Government support, along with rising demand for syngas derivatives, drove a land rush starting in 2005 as big state-owned enterprises broke ground on expansive and hastily conceived coal-to-gas plants. That initial boom was an “epic failure,” according to Bobby Wang, the product marketing leader for gasification at GE Power & Water in China. The early plants were unable to compete with products made from cheap natural gas in the Middle East.
The frenzy has given way to a more measured approach. Now Chinese energy companies, including the major coal suppliers, have formed joint ventures with GE and smaller U.S. companies, such as LP Amina, Synthesis Energy Systems, and Summit Power, to build financially viable plants intended to supply syngas for power generation, petrochemicals, heat for industrial processes, and more. Eventually the boilers to produce electricity in these plants will use integrated gasification combined-cycle (IGCC) technology, the most efficient way to gasify and burn coal. Once these state-of-the-art gasifiers are “unlocking the hydrocarbons” from mineral coal, says Jason Crew, CEO of Seattle-based Summit Power, “you can do all sorts of things, including clean up the carbon.”
However, many of the coal-to-gas plants to be strung across China’s arid northern and western provinces would burn lignite, the low-quality “brown” coal that’s abundant across China and Southeast Asia—which to environmentalists is the sort of dirty, low-energy fuel we should be leaving in the ground. And the environmental benefits of coal gasification are in dispute: according to a report from Greenpeace, which looked at the full life cycle of gasification from mining to end use, China’s coal-to-gas program could add millions of tons of carbon dioxide to the atmosphere over the next decade, putting the carbon-reduction goals detailed in the November 2014 climate-change agreement between Barack Obama and Chinese president Xi Jinping far out of reach.
Nevertheless, a raft of well-funded binational R&D and demonstration projects are seeking to make coal-to-gas plants spew less carbon.
One of these projects is planned not for Inner Mongolia but for the West Texas oil patch. Supported by a $450 million grant from the U.S. Department of Energy’s Clean Coal Power Initiative, the Texas Clean Energy Project would combine a 400-megawatt IGCC plant with a facility that produces urea for fertilizer, plus a carbon-capture system that would remove 90 percent of the carbon dioxide produced (about two million tons a year) and use it for enhanced oil recovery in the oil wells of the Permian Basin. Along with Summit Power, the participating companies include Siemens, CH2M Hill, and an engineering and construction unit of the state-owned energy giant China National Petroleum Corporation. Projected to cost more than $1.7 billion, the Texas project would be the most advanced coal plant ever built.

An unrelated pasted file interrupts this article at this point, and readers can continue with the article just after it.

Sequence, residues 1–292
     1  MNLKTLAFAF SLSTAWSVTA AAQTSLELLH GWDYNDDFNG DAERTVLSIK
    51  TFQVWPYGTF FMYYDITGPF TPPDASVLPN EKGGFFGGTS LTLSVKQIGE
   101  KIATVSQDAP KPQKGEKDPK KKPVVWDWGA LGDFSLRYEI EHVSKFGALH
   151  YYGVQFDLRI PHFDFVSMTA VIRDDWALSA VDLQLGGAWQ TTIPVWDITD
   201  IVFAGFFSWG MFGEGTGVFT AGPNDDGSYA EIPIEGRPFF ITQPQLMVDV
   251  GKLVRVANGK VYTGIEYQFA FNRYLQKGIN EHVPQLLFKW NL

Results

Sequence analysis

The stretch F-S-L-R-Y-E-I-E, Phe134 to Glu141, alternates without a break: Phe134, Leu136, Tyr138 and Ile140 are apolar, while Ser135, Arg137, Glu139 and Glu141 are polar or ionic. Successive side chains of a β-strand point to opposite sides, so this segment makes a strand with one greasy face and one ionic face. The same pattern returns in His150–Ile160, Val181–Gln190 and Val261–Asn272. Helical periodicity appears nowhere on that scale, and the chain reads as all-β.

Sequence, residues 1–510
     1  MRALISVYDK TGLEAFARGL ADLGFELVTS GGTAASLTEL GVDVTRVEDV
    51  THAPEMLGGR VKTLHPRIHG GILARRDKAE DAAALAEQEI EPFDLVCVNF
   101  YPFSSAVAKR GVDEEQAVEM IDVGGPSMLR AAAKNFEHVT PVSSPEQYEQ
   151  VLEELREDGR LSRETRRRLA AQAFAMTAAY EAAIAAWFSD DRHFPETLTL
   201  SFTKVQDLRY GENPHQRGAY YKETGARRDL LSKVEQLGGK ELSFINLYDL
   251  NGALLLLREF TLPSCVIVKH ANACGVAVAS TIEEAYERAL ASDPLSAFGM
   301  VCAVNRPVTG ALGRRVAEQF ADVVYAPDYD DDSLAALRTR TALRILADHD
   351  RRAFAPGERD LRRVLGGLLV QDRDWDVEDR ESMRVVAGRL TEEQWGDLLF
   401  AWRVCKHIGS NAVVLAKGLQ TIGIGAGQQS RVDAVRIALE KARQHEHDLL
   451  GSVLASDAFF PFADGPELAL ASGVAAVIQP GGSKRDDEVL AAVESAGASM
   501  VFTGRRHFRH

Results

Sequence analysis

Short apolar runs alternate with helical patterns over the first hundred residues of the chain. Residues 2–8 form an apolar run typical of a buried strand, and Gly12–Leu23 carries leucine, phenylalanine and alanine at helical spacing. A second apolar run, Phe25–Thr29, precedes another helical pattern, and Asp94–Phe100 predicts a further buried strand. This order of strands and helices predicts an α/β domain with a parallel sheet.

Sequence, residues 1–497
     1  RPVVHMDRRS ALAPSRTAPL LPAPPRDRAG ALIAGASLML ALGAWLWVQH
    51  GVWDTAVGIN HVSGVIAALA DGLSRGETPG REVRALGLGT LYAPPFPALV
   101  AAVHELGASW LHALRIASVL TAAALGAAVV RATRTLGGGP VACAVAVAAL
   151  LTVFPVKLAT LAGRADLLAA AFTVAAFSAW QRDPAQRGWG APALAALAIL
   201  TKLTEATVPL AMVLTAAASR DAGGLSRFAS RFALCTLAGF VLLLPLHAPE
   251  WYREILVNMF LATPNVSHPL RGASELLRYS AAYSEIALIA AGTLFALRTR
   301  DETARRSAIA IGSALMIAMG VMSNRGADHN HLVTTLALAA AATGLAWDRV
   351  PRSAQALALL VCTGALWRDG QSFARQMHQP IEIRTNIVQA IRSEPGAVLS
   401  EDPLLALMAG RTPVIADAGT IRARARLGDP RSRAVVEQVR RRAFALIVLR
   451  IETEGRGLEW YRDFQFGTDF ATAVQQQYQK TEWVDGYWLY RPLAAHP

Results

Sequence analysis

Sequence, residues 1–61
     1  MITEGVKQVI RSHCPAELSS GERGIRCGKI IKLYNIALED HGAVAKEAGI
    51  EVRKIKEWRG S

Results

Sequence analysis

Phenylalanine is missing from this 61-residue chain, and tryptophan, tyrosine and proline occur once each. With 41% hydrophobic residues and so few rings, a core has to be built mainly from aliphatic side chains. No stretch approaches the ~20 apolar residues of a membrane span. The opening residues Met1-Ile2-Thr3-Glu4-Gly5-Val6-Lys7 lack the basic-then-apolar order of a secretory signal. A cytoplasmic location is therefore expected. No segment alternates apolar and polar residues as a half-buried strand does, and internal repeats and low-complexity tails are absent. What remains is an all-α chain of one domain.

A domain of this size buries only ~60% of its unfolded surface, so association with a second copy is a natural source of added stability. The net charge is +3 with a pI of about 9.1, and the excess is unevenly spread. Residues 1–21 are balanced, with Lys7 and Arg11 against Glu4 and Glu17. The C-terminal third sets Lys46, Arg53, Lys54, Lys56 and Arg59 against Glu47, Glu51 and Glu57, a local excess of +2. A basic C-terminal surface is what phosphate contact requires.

“The novelty in what we’re doing is that the CO2 capture is a by-product of the process—essentially you do it for free,” says Latta.
That’s a rosy scenario, and it’s probably still decades away. The fact is that most carbon-capture projects for coal plants have stalled or been abandoned. GreenGen, a vaunted IGCC prototype in Tianjin that was envisioned as the country’s first large-scale carbon-capture plant, has been beset by multiple delays over its 10-year history and was recently scaled back. Even if the Texas project succeeds, it will be a viable model in only a few locations where there’s demand for the captured carbon. And at the earliest, the prototype plant will not be completed until 2018. Ultimately, the likeliest way for China to continue its progress on pollution control may be simply to burn less coal.
In the United States, the share of power generated from coal has dropped below 40 percent and is likely to keep going down because cheap natural gas is so abundant. The prospect of a similar reduction in China seemed, until recently, remote.
Remarkably, thanks to a slowing economy, a shift toward lighter, less energy-intensive industries, and a crackdown on small, unlicensed coal burners, coal consumption in China fell nearly 2 percent in 2014, according the Institute for Energy Economics and Financial Analysis, even as the economy grew by 7.4 percent—the first such drop in decades. A Greenpeace report released in May found that coal consumption fell 8 percent in the first four months of 2015 compared with the same period a year before. If that trend continues for the full year, it would represent “the largest recorded year-on-year reduction in coal use and CO2 in any country.” As the U.S. shale gas revolution shows, dramatic swings in energy consumption can happen suddenly and unexpectedly. Pouring billions into expensive, futuristic clean coal plants may wind up looking, to future energy historians, like throwing good money after bad.
“The argument that the coal industry always tries to make is to paint a picture where coal is critical for economic growth,” says Bruce Nilles, program director for the Sierra Club’s Beyond Coal campaign. “They used to say that about the United States, and now things are moving rapidly in the other direction. Now their last gasp is to try and create a sense of inevitability that coal is going to be burned for another 50 years in developing countries like China. But it’s based on false premises.”
This story was updated on July 24 to correct an estimate of the amount of land that has been affected by coal mining and coal-fired power generation in China. It now reads “thousands of square miles” rather than “millions.”